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When people think of nature, too often the only images that come to mind are distant, expansive places like Yellowstone Park and the Grand Canyon, or even more remote wilderness like Alaska’s Arctic National Wildlife Refuge. This is a grave mistake. Viewed through the wildlands lens, nature is something you might visit at best a couple of times a year while on vacation. Yet nature is everywhere—in our backyards, schoolyards, and gardens, thrusting skyward through sidewalk cracks and chirping in the neighbor’s tree. Indeed nature is quite literally everything, from stars and galaxies to planet Earth and the stuff in you. As Henry David Thoreau once said:


“It is in vain to dream of a wildness distant from ourselves. There is none such. It is the bog in our brains and bowels, the primitive vigor of Nature in us, that inspires that dream. I shall never find in the wilds of Labrador a greater wildness than in some recess of Concord.”


If we’re going to connect children (and ourselves) with nature, we must learn, as Thoreau did, to experience the natural world often, and with our full suite of senses. But what kind of nature do we need?


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Comment by Manny Kiesser on September 23, 2012 at 6:45pm


Right on the money.  I catch myself aggrandizing this thing called nature, and also expecting all nature experiences to be profound and cathartic.  Perhaps nature is at it's best when we are immersed in it and we can appreciate it daily just going about our daily lives.  I walk a few dozen yards to my car each morning.  I'm working hard to take note of the sunrise, the crows in the trees, the scent of the morning mist....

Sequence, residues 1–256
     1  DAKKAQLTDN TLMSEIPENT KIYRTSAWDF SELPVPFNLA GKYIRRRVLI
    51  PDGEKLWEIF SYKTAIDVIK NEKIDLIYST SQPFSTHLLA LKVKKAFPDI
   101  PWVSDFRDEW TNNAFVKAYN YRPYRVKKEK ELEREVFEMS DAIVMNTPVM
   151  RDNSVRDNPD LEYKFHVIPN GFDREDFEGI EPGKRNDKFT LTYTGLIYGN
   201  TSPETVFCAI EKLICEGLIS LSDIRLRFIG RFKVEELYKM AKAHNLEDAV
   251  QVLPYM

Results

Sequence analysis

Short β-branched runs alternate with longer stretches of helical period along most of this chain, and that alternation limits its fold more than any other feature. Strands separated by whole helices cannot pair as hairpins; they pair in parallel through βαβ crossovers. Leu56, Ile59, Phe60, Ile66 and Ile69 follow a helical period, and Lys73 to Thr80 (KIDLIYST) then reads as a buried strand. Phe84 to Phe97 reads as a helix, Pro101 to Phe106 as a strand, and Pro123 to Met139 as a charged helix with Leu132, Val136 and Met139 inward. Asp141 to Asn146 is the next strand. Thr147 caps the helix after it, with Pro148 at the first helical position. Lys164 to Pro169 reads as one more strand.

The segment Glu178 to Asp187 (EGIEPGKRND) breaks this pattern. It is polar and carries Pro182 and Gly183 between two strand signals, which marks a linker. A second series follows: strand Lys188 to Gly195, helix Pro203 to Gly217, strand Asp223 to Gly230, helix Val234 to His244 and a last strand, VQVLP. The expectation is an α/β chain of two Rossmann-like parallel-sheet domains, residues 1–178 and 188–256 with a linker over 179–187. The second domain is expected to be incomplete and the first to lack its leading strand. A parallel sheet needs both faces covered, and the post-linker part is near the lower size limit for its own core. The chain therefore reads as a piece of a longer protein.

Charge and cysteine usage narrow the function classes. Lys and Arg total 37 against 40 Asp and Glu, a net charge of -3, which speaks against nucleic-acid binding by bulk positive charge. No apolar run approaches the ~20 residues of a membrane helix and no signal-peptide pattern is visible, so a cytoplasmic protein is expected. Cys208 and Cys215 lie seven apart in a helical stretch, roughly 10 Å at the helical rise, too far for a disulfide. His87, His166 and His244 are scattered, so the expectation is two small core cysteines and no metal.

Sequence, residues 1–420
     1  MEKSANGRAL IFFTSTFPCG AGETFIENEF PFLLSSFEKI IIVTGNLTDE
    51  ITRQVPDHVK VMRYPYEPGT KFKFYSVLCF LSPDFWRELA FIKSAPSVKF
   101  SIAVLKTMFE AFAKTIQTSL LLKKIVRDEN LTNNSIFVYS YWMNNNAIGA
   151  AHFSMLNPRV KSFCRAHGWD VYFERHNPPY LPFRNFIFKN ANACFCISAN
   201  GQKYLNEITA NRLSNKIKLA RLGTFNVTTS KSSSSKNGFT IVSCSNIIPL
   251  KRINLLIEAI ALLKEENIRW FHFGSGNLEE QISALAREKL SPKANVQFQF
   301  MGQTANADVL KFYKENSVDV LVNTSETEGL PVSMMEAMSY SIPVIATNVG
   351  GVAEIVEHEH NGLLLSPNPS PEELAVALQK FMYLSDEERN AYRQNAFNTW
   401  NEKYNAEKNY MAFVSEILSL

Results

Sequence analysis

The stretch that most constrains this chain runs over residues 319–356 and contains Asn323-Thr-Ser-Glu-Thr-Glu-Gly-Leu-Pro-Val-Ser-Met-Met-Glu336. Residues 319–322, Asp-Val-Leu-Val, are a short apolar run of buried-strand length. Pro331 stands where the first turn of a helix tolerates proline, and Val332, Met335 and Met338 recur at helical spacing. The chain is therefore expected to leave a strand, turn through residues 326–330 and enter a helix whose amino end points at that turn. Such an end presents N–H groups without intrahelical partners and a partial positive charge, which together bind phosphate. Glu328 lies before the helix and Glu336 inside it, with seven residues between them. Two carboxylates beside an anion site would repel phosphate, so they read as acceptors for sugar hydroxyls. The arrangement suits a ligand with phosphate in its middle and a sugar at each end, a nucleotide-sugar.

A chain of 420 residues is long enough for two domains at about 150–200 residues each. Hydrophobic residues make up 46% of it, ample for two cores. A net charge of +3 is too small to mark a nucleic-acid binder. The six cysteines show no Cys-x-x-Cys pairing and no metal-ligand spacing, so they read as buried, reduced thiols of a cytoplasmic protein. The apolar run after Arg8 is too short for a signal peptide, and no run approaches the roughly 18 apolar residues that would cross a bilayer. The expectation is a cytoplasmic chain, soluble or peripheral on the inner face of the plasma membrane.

Comment by Kenny Ballentine on September 3, 2012 at 4:14pm

Well said, Scott. 

Comment by Denise Dahn on August 31, 2012 at 9:33am

I agree wholeheartedly with your approach, and I like your new terminology. Getting nature back into our lives, especially for kids, is one of the most important challenges we face. Recently, I have been disturbed at the increasing threats from high-impact recreation development in natural areas - seen by cash-strapped communities as a way to make easy money and get 'kids outside'. In Seattle, we just squashed a proposal by the Parks Dept. to develop one of our last stands of urban forests for a high-impact canopy zip-line. Some people seem to think that since 'nature' is no longer 100% pristine anyway...why bother preserving it? I had thought at that point we needed new terminology...something that shows nature doesn't need to be pristine in order to be worth preserving...something like 'wildishness'. But I like yours better!

Comment by Ken Finch on August 31, 2012 at 8:12am

Nice piece, Scott.  I see a growing need to distinguish between "wild" and "domestic" nature; many people seem to equate the two.  Both have their value, but the former is the one that brings the greatest impacts to kids -- even in small scale.

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